Miller et al. argue that

while the conventional model may apply to mass market commodity products it is highly unlikely to apply to another important group of products and industries, classified here as CSs.2 As Part I argues, CSs account for a significant proportion of industrial output. In contrast with commodity goods, complex product systems are large item, customized, engineering intensive goods which are seldom, if ever, mass produced.3 Examples include flight simulators, telecommunications exchanges, electrical power equipment, military systems, airplanes, helicopters, flexible manufacturing systems, chemical process plant, intelligent buildings and nuclear power equipment.

(Miller et al. 1995: 364)

CSes have three ‘watch out, these aren’t just widgets’ features . They are

“first, they made up of many interconnected, often customized, elements (including control units, sub-systems and components), usually organized in a hierarchical way; second, CSs exhibit non-linear and continuously emerging properties, whereby small changes in one part of the system can lead to large alterations in other parts of the system; and third, there is a high degree of user involvement in the innovation process, through which the needs of the economic environment feed directly into the innovation process (rather than through the market as in the standard model).”
(Miller et al. 1995: 368)

They did a bucketload (like 120!!) of interviews and really got “into” the development of the flight simulator industry, and tell the tale well –

FS was born when Ed Link patented a simple mechanical flight trainer in 1929- During World War II electronic analogue simulators were built to train pilots and reduce the number of accidents. Early commercialization began with Link, Miles and the Wright Brothers. In 1951 Redifon (now Rediffusjon) built a Stratocruiser simulator for BOAC. BOAC and Lufthansa placed initial orders with CAE of Canada in the early 1960s.

From the early 1950s to the mid-1960s (prior to digital computing) a long period of experimentation took place, but there was little in the way of landmark innovations. Analogue computers improved gradually, as did the hydraulics and visuals. During this period the industry began a slow take-off.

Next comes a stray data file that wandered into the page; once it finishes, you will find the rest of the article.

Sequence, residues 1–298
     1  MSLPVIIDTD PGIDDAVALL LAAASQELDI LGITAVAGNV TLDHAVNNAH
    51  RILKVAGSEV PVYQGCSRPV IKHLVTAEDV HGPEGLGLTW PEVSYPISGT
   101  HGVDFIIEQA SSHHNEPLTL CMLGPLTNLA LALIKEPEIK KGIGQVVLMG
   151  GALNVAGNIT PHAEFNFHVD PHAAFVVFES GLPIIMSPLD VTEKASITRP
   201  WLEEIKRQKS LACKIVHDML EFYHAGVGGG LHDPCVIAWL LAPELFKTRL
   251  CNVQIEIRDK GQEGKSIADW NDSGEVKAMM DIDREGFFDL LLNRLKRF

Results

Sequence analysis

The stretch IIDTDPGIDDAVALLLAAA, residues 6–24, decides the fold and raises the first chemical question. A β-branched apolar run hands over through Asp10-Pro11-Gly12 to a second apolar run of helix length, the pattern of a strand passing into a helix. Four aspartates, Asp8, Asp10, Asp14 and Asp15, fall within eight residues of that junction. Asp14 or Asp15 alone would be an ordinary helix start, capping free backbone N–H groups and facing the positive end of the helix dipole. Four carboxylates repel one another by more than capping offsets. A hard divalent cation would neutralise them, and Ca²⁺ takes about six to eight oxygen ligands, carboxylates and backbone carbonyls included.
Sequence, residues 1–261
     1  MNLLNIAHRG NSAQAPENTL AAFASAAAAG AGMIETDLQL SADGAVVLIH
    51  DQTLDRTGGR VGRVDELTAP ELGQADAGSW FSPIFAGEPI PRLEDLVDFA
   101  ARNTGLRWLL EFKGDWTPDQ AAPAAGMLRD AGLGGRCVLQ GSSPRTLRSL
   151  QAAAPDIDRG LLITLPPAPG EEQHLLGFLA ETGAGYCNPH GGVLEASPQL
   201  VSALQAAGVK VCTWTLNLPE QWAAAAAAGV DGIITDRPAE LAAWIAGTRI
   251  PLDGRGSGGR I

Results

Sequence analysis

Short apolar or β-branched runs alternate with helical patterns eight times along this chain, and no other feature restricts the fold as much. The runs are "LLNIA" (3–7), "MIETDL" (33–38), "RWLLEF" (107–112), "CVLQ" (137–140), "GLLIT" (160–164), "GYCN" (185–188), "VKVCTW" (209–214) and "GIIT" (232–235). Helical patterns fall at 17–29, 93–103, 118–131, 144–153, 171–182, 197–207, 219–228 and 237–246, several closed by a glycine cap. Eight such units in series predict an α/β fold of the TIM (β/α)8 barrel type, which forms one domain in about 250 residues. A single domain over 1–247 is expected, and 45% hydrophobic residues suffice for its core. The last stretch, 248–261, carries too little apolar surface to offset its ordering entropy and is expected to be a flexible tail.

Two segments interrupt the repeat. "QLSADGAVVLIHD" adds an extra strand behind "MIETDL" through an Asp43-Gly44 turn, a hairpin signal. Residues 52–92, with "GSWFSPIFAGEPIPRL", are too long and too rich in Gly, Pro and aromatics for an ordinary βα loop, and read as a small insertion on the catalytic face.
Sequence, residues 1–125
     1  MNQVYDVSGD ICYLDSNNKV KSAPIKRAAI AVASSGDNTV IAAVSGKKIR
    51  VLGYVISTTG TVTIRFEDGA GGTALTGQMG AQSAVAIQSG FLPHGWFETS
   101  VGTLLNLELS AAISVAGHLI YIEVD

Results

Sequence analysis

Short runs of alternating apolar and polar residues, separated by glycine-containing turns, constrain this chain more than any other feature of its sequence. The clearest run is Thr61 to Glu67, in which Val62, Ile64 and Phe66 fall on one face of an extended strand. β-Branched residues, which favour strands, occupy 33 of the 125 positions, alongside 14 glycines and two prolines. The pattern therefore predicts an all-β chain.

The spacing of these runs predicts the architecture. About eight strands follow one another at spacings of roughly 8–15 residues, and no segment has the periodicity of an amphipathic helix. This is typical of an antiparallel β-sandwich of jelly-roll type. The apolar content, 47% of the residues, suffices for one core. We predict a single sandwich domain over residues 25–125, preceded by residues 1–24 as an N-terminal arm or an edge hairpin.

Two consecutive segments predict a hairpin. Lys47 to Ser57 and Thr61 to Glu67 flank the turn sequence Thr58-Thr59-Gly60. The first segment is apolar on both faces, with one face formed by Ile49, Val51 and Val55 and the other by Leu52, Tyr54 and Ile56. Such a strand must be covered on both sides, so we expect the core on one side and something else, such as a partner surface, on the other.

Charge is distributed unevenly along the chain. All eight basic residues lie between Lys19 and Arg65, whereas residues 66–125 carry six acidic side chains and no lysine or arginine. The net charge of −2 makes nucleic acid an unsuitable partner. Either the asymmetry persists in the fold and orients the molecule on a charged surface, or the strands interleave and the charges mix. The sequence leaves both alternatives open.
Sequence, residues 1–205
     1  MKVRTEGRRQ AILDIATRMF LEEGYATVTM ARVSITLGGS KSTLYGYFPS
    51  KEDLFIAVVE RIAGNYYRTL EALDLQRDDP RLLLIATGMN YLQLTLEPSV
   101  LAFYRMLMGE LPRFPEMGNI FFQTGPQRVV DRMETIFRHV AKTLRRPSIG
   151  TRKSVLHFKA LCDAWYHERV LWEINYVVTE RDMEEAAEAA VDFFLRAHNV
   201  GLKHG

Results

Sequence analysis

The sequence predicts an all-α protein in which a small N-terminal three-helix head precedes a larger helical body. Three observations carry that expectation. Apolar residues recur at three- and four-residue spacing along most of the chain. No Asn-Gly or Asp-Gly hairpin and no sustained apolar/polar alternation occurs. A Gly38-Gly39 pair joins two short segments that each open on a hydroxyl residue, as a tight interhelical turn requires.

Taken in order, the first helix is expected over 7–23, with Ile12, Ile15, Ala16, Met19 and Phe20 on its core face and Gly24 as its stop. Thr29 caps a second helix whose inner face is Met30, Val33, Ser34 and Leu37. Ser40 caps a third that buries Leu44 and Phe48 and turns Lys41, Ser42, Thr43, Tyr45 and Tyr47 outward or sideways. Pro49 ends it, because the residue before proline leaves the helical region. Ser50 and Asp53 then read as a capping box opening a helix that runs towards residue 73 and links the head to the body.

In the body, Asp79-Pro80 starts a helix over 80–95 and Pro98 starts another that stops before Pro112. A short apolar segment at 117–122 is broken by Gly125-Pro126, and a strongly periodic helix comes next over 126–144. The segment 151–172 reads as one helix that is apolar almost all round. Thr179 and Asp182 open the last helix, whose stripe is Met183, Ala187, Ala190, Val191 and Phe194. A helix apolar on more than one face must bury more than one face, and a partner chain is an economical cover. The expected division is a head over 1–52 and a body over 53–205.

During the late-1960s digital mainframe computers took over from analogue ones, leading to a rapid improvement in the fidelity, speed and capacity of FSs. However, up until the late-1970s pilots were mostly trained in airplanes. Simulators were viewed as a complement to live training rather than a substitute for it. Some training credits were granted by the regulators, but the process of certification was ill-defined and informal. Simulator technology was perceived as inadequate for manoeuvres such as take-off, landing and missed approach. Increasingly, though, the needs of more powerful jet aircraft encouraged a focus on problems such as air turbulence, recovery manoeuvres and landing and take-off procedures so that costly and dangerous live training in aircraft could be minimized.
(Miller et al. 1995: 376)

It’s a complicated business of course –

Full-flight simulators (FFSs) are full-size replicas of specific aircraft cockpits. They combine mathematical models and original flight data to simulate the behaviour of the aircraft and record pilots’ responses to changing conditions. Given the cost of commercial flight time, pilot training and re-training is carried out in FFSs.

(Miller et al. 1995: 377)

and so

FS makers are required to master at least four technical fields: (i) the skills to integrate interdependent hardware and software components (motion, visual, computer and cockpit) into a coherent whole (the simulator); (ii) the know-how to use and develop the mathematical simulations which replicate the behaviour of the aircraft (as well as the actions of pilots and crew); (iii) the detailed knowledge of client requirements for training, checking and quality programmes which involves theoretical work as well as teaching methods; and (iv) a knowledge of rules and regulations (notably the acceptance test guides) which specify the requirements for simulator approval.
(Miller et al. 1995:381)

So, given that, it comes down to a very complicated and “uncertain” set of processes, that go far beyond “the invisible hand of the market” –